These are just a few of the topics we have become involved with over the course of our research. We're constantly learning about new ideologies, strategies, tools, and organizations that are helping boost sustainable product development in some way.
Sustainable Design Principles
Tools for designing a product with low carbon emissions.
What Are they?
These are general design practices with the intention of reducing parts' environmental burden over their lifecycle. It is not an exhaustive list and it will grow with time. Some of them overlap with other research topics on this page and each of them could surely be expounded into pages of their own. For the sake of digestibility, we started off with a brief description of each one.
Why Are They important?
When designing parts and products, engineers and designers are constrained by a multitude of requirements: parts must cost below a threshold, perform a certain way, look and feel a certain way, be safe, be marketable, and more. Therefore, adding a new set of design constraints (sustainable ones) can understandably be met with reluctance. In order to establish a new standard for parts and products that are environmentally healthier, however, this is absolutely critical. CPD uses these strategies to influence part designs by default, meaning they underlie every design we create. We are always willing to increase our rigor in order to push the boundaries of sustainable product development.
Cradle to Cradle (C2C)
Making lifecycles truly cyclical.
What is it?
Cradle to Cradle (C2C) is design approach that models natural processes wherein materials circulate within the environment. It contrasts from the "cradle to grave" ideology in which materials are extracted, used, and disposed of. In product development, C2C is an ideology for designing products that neither require any new material extraction nor result in waste at the end of their lives. C2C is also a certification granted by the non-profit Cradle to Cradle Products Innovation Institute to products that meet C2C requirements.
Why is it important?
Cradle to Cradle (C2C) is an ambitious way of thinking: It proposes that aspects of a consumer economy can function essentially like a cherry tree: cyclically producing blossoms which ultimately return to the earth to become beneficial nutrients. C2C demonstrates that it is genuinely possible to use and reuse materials after a single extraction process. It gives companies metrics by which to determine products' eco-effectiveness. It lays the groundwork for smart product designs with additional benefits beyond sustainability.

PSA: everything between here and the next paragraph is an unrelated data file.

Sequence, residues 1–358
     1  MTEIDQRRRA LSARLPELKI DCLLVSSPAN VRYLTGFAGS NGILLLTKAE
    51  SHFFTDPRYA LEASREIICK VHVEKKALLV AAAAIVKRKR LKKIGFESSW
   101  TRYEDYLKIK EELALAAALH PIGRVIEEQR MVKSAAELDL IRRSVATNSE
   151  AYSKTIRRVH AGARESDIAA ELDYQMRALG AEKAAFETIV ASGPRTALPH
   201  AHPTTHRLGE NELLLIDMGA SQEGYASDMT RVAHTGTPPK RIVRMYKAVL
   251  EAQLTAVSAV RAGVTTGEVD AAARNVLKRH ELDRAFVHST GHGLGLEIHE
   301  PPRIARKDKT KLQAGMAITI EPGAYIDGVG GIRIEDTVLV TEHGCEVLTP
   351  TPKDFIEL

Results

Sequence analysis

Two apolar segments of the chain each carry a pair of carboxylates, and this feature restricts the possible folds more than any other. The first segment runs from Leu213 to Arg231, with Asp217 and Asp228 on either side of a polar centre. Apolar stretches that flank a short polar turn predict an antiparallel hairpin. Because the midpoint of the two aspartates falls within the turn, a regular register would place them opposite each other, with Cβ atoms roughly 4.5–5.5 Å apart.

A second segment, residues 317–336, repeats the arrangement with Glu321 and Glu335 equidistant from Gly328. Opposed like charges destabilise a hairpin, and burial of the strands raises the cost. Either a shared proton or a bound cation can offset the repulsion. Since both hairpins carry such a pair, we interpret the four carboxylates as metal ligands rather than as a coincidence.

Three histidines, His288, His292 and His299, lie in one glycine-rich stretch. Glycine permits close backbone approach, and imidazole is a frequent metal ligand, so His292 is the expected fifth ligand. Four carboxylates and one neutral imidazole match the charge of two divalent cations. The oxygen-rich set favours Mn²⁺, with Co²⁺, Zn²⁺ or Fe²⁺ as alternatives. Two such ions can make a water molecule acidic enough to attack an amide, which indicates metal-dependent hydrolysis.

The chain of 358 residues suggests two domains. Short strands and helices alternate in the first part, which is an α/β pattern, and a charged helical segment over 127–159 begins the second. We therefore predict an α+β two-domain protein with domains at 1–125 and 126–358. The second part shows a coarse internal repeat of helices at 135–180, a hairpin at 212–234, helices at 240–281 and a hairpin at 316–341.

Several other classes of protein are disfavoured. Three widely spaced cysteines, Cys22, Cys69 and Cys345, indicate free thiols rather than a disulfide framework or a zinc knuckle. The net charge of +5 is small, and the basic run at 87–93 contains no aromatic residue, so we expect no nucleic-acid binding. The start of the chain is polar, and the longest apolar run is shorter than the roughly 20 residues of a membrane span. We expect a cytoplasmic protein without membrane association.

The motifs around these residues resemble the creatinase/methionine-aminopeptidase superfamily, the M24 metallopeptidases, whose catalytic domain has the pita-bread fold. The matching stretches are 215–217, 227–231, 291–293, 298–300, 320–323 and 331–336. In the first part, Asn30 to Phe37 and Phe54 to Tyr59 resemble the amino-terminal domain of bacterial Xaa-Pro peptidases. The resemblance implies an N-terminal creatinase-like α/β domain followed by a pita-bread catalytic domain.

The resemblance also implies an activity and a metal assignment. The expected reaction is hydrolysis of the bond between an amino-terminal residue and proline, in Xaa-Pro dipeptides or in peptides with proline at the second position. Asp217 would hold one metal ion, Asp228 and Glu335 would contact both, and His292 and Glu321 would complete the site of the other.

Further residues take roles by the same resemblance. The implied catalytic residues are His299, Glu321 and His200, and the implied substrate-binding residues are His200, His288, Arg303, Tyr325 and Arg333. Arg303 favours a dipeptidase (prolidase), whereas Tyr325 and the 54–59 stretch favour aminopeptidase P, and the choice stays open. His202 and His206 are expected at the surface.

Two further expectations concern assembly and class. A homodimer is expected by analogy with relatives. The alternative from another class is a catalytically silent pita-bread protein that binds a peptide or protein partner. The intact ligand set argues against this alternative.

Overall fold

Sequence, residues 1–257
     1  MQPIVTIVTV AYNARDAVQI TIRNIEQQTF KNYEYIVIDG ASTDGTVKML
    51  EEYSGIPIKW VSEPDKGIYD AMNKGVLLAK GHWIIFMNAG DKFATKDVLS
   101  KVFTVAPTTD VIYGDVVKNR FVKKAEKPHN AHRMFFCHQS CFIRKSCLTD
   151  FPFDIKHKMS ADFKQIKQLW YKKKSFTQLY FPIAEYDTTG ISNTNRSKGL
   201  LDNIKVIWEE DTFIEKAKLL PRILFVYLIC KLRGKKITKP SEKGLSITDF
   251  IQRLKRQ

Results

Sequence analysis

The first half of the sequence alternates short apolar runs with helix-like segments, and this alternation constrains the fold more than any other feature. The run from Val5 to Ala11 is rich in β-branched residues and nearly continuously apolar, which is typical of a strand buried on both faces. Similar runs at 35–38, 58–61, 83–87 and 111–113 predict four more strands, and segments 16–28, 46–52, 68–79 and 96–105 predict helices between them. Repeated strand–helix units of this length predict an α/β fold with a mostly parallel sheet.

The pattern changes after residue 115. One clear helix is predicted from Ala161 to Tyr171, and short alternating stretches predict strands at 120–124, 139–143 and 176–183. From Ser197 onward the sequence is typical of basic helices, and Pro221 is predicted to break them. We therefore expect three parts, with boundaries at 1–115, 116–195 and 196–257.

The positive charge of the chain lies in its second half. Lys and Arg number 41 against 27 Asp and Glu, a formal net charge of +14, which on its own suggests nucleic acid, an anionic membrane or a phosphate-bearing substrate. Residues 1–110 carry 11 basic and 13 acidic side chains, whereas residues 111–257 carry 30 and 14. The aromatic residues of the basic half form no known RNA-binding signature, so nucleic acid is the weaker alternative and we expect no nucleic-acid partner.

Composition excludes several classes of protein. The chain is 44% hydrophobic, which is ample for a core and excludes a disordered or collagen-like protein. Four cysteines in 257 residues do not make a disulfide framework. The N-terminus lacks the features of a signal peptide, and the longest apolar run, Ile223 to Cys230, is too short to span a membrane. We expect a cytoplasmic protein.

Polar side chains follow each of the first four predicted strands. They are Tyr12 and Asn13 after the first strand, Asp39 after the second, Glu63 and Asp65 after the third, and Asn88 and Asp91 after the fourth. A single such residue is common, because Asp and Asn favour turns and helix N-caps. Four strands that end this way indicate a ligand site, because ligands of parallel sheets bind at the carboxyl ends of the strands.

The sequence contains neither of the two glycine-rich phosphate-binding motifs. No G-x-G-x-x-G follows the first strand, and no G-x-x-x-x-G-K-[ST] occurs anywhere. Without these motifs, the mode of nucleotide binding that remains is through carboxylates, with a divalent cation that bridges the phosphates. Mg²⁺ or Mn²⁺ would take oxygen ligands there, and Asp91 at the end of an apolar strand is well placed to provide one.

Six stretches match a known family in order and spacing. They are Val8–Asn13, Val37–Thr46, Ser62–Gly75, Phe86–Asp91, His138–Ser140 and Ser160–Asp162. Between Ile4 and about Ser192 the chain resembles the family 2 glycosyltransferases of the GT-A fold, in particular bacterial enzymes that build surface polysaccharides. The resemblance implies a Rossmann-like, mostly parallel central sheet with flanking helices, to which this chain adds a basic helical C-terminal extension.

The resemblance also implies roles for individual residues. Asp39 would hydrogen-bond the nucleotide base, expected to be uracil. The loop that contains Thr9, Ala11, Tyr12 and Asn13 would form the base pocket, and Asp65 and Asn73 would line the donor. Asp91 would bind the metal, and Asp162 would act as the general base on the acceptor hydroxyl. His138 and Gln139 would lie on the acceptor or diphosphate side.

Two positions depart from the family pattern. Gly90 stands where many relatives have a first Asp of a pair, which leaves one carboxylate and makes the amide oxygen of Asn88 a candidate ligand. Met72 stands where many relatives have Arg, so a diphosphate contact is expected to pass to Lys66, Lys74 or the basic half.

Cradle to Cradle: Remaking the Way We Make Things
Lifecycle Analysis (LCA)
WhaT Is It?
A Lifecycle Analysis (LCA) is a tool for quantifying the environmental impact of a product from inception through development, production, distribution, use, and disposal. This allows engineers to directly compare products and track improvements. This quantification is commonly done in units of Carbon Dioxide Equivalent or CO2e. Essentially, all energy consumption and pollution throughout a lifecycle is converted to CO2 emissions. There are different strategies for conducting LCA's: some are incredibly arduous while some take more of an estimation approach. Generally, LCA's are highly involved analyses and require significant contribution from involved parties like raw material suppliers, part vendors, distribution and logistics teams, marketing teams, users, and disposal companies. CPD is beginning to conduct its own LCA's on products developed in-house and we will work with you to conduct your own.
Why is it important?
LCA's are comprehensive and measurable. In order to compare the emissions of a product to its predecessor or competitor, said emissions must be quantified. LCA's are also useful in determining which stages of a given lifecycle are responsible for the greatest emissions or which stages have the most potential for optimization.
Biodegradable, recyclable, and reusable raw materials.
What ARE THEY?
This is a widely researched topic. 'Sustainable materials' is our blanket term for any materials that are designed with specific features in mind for carbon-footprint reduction. Such materials can typically be exchanged for more traditional ones and serve similar mechanical purposes. Some materials are biodegradable in natural environments so rather than polluting they add beneficial nutrients to soil as they decompose. Some materials are specifically designed to be made and re-made cyclically without degradation.